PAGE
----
How do you keep an idiot in suspense?

  8. #8
    Senior Member DannoXYZ's Avatar
    Join Date
    Jul 2005
    Location
    Saratoga, CA
    Posts
    11,495
    Mentioned
    0 Post(s)
    Tagged
    0 Thread(s)
    Hmmm... something doesn't add up... Torque of 6-Nm would NOT stretch or strip a 5mm bolt, no way! And I bet those aero-bar bolts are probably 6mm. My guess is the threads were already messed up from numerous previous uses and this last overtightening stripped them.

    Now that you've got new part, get a torque-wrench and you'd be set. Also be aware that torque-specs are given assuming machine-oil on the threads. Otherwise, friction on the threads would give added resistance and appear to be tight, but the bolt hasn't been stretched enough to give adequate clamping force.

  9. #9
    Senior Member
    Join Date
    Sep 2008
    Location
    Loveland, CO
    My Bikes
    Two LOOK 585s, one KG461
    Posts
    4,987
    Mentioned
    0 Post(s)
    Tagged
    0 Thread(s)
    I always stress the need for would-be bike mechanics to learn what these low torque values feel like, when applied with a short handled hex wrench or 4-5-6mm Y-style wrench. I've been wrenching on bike for over 25 years and never once found the need for a torque wrench on M5 or M6 bolts. All of my bikes have carbon frames, carbon bars and carbon seatposts.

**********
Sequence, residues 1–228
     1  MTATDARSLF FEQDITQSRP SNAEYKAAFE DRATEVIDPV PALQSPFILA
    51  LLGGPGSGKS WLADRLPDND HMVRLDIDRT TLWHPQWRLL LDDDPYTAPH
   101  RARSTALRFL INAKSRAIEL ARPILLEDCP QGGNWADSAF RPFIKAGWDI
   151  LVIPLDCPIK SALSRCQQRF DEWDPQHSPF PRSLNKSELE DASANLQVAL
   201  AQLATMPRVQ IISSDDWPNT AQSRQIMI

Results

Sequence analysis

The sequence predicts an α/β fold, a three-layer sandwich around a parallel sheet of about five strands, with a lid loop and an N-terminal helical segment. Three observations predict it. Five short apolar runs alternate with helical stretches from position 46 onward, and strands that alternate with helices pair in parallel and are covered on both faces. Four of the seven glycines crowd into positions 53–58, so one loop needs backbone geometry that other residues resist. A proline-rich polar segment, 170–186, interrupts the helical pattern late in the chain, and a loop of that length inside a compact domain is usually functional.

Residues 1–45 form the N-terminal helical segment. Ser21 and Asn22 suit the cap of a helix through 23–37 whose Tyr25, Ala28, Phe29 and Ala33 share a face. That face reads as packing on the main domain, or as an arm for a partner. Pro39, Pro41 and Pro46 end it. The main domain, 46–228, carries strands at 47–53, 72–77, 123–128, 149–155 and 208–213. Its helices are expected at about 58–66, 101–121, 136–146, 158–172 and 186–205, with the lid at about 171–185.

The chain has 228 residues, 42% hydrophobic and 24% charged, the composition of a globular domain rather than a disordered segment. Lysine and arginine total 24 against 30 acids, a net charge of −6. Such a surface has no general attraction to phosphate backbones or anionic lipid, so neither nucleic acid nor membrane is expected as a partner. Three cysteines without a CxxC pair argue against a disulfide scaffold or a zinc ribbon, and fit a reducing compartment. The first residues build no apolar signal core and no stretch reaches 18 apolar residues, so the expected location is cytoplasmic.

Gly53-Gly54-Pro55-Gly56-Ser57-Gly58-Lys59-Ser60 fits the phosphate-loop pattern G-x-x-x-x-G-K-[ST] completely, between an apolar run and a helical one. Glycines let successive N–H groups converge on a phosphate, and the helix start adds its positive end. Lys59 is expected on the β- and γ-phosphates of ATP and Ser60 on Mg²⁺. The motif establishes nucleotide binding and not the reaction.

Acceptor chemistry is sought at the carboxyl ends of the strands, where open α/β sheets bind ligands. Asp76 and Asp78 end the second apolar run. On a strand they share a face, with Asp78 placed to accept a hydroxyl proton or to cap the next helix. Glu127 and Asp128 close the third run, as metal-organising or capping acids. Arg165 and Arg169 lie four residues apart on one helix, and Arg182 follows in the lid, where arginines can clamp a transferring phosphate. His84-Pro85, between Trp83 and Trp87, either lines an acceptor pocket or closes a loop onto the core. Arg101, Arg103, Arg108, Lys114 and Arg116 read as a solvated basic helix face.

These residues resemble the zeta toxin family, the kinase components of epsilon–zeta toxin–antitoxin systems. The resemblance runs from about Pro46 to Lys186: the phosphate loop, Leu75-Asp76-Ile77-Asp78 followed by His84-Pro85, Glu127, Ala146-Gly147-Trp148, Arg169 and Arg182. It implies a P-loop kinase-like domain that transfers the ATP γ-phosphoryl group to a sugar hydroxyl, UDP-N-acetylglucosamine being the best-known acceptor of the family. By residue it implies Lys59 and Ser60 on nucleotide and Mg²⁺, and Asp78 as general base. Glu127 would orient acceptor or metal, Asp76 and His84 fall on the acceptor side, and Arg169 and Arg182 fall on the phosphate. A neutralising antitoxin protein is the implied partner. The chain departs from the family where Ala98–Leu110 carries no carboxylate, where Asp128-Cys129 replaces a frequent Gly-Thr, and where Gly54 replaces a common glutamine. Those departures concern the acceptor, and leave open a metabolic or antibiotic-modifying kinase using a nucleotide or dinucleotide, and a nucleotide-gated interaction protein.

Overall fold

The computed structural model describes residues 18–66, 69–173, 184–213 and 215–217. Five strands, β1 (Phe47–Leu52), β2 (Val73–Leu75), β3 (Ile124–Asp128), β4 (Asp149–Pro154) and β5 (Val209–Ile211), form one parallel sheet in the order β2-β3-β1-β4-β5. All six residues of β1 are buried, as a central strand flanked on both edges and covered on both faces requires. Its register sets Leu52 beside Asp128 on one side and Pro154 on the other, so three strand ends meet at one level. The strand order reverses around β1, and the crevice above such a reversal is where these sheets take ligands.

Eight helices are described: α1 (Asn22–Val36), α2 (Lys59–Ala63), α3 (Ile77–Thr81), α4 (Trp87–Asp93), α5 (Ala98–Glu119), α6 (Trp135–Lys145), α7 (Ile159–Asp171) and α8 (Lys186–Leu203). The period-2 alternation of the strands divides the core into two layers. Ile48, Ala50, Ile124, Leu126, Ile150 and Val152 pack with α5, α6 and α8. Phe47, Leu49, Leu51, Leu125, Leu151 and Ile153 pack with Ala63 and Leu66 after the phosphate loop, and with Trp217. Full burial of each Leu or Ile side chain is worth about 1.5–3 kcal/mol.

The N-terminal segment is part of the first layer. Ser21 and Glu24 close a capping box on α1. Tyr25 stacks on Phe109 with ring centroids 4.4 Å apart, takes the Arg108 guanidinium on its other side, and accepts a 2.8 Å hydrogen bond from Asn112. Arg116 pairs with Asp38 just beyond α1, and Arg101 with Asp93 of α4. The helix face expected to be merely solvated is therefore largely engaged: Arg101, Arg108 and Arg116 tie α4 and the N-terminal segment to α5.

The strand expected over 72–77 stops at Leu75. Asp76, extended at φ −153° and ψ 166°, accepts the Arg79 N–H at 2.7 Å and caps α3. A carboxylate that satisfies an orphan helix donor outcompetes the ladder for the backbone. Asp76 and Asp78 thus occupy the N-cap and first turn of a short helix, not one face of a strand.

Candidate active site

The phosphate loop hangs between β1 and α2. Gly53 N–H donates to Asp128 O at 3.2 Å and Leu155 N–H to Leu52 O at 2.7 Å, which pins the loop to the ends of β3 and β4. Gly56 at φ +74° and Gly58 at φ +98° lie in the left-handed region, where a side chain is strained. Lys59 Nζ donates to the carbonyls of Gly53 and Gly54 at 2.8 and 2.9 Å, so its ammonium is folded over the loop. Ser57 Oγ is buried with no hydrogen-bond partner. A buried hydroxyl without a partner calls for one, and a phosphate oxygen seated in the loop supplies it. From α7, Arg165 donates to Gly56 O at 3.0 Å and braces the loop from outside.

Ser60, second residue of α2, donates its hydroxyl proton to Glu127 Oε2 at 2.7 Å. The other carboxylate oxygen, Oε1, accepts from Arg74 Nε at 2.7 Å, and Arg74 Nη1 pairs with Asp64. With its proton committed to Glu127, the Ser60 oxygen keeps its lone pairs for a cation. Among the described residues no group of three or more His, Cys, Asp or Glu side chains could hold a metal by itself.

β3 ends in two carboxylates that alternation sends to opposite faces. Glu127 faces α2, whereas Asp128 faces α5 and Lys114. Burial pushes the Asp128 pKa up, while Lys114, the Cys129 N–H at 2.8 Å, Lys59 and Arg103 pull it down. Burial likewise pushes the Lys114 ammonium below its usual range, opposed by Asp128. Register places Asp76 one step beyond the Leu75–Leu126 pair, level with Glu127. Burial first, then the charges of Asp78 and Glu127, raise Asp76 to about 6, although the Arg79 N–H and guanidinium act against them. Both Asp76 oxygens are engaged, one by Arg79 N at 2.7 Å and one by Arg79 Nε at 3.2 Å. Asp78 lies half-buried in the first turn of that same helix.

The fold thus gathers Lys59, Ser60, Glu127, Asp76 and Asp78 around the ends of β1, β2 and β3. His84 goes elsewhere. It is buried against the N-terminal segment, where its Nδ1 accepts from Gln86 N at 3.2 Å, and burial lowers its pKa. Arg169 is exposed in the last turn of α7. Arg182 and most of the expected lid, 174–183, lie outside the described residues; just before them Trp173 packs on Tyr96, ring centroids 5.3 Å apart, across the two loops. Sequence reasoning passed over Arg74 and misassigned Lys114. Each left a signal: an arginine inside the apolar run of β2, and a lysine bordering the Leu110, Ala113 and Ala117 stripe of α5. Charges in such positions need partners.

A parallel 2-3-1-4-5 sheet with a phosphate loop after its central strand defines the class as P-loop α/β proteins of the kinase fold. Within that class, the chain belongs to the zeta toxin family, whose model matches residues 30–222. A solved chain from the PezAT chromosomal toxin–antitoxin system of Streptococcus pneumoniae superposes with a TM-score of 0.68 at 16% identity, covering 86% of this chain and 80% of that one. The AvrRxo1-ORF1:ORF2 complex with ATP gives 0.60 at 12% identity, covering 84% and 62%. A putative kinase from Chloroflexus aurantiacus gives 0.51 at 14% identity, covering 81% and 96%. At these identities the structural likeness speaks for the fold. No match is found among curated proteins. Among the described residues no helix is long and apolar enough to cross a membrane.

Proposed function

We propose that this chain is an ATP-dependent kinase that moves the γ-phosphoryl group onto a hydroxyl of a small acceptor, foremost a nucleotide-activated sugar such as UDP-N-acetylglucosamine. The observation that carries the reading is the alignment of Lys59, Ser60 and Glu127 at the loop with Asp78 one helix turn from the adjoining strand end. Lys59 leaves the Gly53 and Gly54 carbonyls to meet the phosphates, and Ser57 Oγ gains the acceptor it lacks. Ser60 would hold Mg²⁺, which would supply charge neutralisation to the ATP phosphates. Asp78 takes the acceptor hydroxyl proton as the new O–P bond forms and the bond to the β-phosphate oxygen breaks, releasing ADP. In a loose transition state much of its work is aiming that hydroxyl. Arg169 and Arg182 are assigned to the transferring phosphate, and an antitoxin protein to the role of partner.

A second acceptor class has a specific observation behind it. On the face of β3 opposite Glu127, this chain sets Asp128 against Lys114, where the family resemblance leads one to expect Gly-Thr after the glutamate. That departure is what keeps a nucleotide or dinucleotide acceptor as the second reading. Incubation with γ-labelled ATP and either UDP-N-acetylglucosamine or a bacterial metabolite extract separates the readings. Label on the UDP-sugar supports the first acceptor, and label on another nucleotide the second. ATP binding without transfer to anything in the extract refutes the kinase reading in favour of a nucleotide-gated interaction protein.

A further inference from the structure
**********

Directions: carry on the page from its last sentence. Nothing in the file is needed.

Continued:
There is always the need to make on the road adjustments. How are you going to do it if you've got no clue about how much to tighten a stem or seatpost clamp bolt?

  10. #10
    Great State of Varmint Panthers007's Avatar
    Join Date
    Sep 2008
    Location
    Dante's Third Ring
    Posts
    7,481
    Mentioned
    1 Post(s)
    Tagged
    0 Thread(s)
    6 Nm is approx. 53 inch pounds. So I don't see that damaging a bolt either.
    How do you keep an idiot in suspense?

  11. #11
    Senior Member Plainsman's Avatar
    Join Date
    Jan 2005
    Posts
    959
    Mentioned
    0 Post(s)
    Tagged
    0 Thread(s)